Beware That ‘Great’ Tariff You Got from Npower

Energy bills are one of the most significant expenses in every UK household and business premises. This indispensable utility can be costly in the long run, which is why consumers are always on the lookout for a reasonable deal in the market.


Despite the industry regulator Ofgem’s decision to implement a price cap that slashed energy bills, experts point out several companies that rip off customers by offering higher tariffs. Npower is one such firm that imposed a price hike amid the government’s announcement of the price control.


While the company promised ‘great savings’, there might be some dirt to dig regarding their tariffs, especially if you are switching to those today.


After the effects of the price hike?


Auto-switching platform Look After My Bills and investigated the Standard Variable Tariffs (SVTs) of different energy firms, which determined the detrimental effect of the price cap in 2019. The investigators found that suppliers are charging more than the £1,179 limit on SVT across the UK.


Npower’s Go Green Energy tariff, which lasts until October 2021, costs as much as £1,203 annually per typical use. It is deemed as one of the worst Big Six deals to have in the current market.


Look After My Bills Head of Research Lily Green expressed disappointment over the supplier’s move of locking in a customer for a fixed number of years on expensive tariffs. She further urged Ofgem to investigate the matter.


From 1 April 2019, around a million Npower gas and electricity consumers saw a 10% increase in their standard variable tariff bills.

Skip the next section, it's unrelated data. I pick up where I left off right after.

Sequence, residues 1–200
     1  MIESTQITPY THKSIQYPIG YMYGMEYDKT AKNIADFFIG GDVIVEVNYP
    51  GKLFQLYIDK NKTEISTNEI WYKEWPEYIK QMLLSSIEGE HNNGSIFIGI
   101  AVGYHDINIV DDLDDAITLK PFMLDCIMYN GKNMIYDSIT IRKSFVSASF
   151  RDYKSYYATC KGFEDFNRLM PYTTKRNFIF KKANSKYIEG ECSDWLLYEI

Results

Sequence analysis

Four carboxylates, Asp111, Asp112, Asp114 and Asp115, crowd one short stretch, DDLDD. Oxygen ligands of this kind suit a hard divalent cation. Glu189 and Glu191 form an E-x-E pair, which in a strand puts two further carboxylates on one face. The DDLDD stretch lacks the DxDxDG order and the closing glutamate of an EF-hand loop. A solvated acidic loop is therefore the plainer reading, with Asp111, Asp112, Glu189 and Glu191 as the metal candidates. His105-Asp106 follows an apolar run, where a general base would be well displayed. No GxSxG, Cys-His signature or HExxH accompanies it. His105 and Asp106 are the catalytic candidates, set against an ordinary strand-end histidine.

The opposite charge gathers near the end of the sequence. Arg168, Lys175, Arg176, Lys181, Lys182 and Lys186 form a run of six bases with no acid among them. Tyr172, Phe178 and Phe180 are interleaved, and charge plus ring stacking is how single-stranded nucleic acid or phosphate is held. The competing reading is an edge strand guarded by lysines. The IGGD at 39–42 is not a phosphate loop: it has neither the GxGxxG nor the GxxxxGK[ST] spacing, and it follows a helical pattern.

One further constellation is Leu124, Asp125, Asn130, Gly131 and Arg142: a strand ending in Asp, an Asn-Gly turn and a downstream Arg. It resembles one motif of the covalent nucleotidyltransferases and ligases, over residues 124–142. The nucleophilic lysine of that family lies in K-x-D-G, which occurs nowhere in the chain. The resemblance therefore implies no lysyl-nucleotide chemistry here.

uSwitch energy expert Rio Smith called this move a ‘price cap con’ that made consumers think negatively of the price control as soon as it was announced. He noted how raising prices influenced the customer’s view of standard tariffs, which should have been made more attractive because of the protection offered by a price cap.


Npower’s deal was £294 more costly than the cheapest tariff on the market. Smith added that it was wrong for customers to assume that staying on a contract amounting to just under the price cap is better than shopping around for an economical deal.


Npower’s price increase


The firm’s standard variable tariff on a contract meter increased by up to £118, or at £1,254 per year based on typical use. Along with that, prepayment meter (PPM) customers also saw a price increase amounting to about £106.


Npower’s price increase last April 2019 was already the third rise within a twelve-month timeframe. It previously imposed a price hike in January 2019, matching the price cap level at £1,137 for its SVT customers.


Further back in June 2018, Npower implemented an increase in the SVT deal for dual-fuel customers. It raised the prices by 5.3% or a £64 additional cost for customers. This rise came in the wake of other companies increasing their dual-fuel tariffs amid higher wholesale energy costs and government policy changes.

‘Which?’ Managing Director Alex Neill said that Npower’s third successive price increase did not align with Ofgem’s price cap. Many consumers have come to assume that Ofgem’s Price Cap caused significant price hikes instead of protecting against ballooning bills.


Neill encouraged energy customers to switch to better deals in the market before the price cap was enforced. Many cheaper tariffs help consumers save as much as £300 per year, although it would take some effort and time to find the best deal. Auto-switching platforms and comparison websites are in a great position to aide consumers when shopping around for a new deal.

Other suppliers


Npower wasn’t the only energy supplier that took advantage of the newly set price cap with its expensive Go Green Energy deal. Scottish Power has four deals that are above the April 2019 price cap, although two are nearing termination in August 2020.


SSE and British Gas both offer a tariff above £1,200, with the British Gas deal contract lasting until December 2021.


On the other hand, Ebico offered the most expensive tariffs during that time, with its most costly deal around £133 more than the government’s price cap.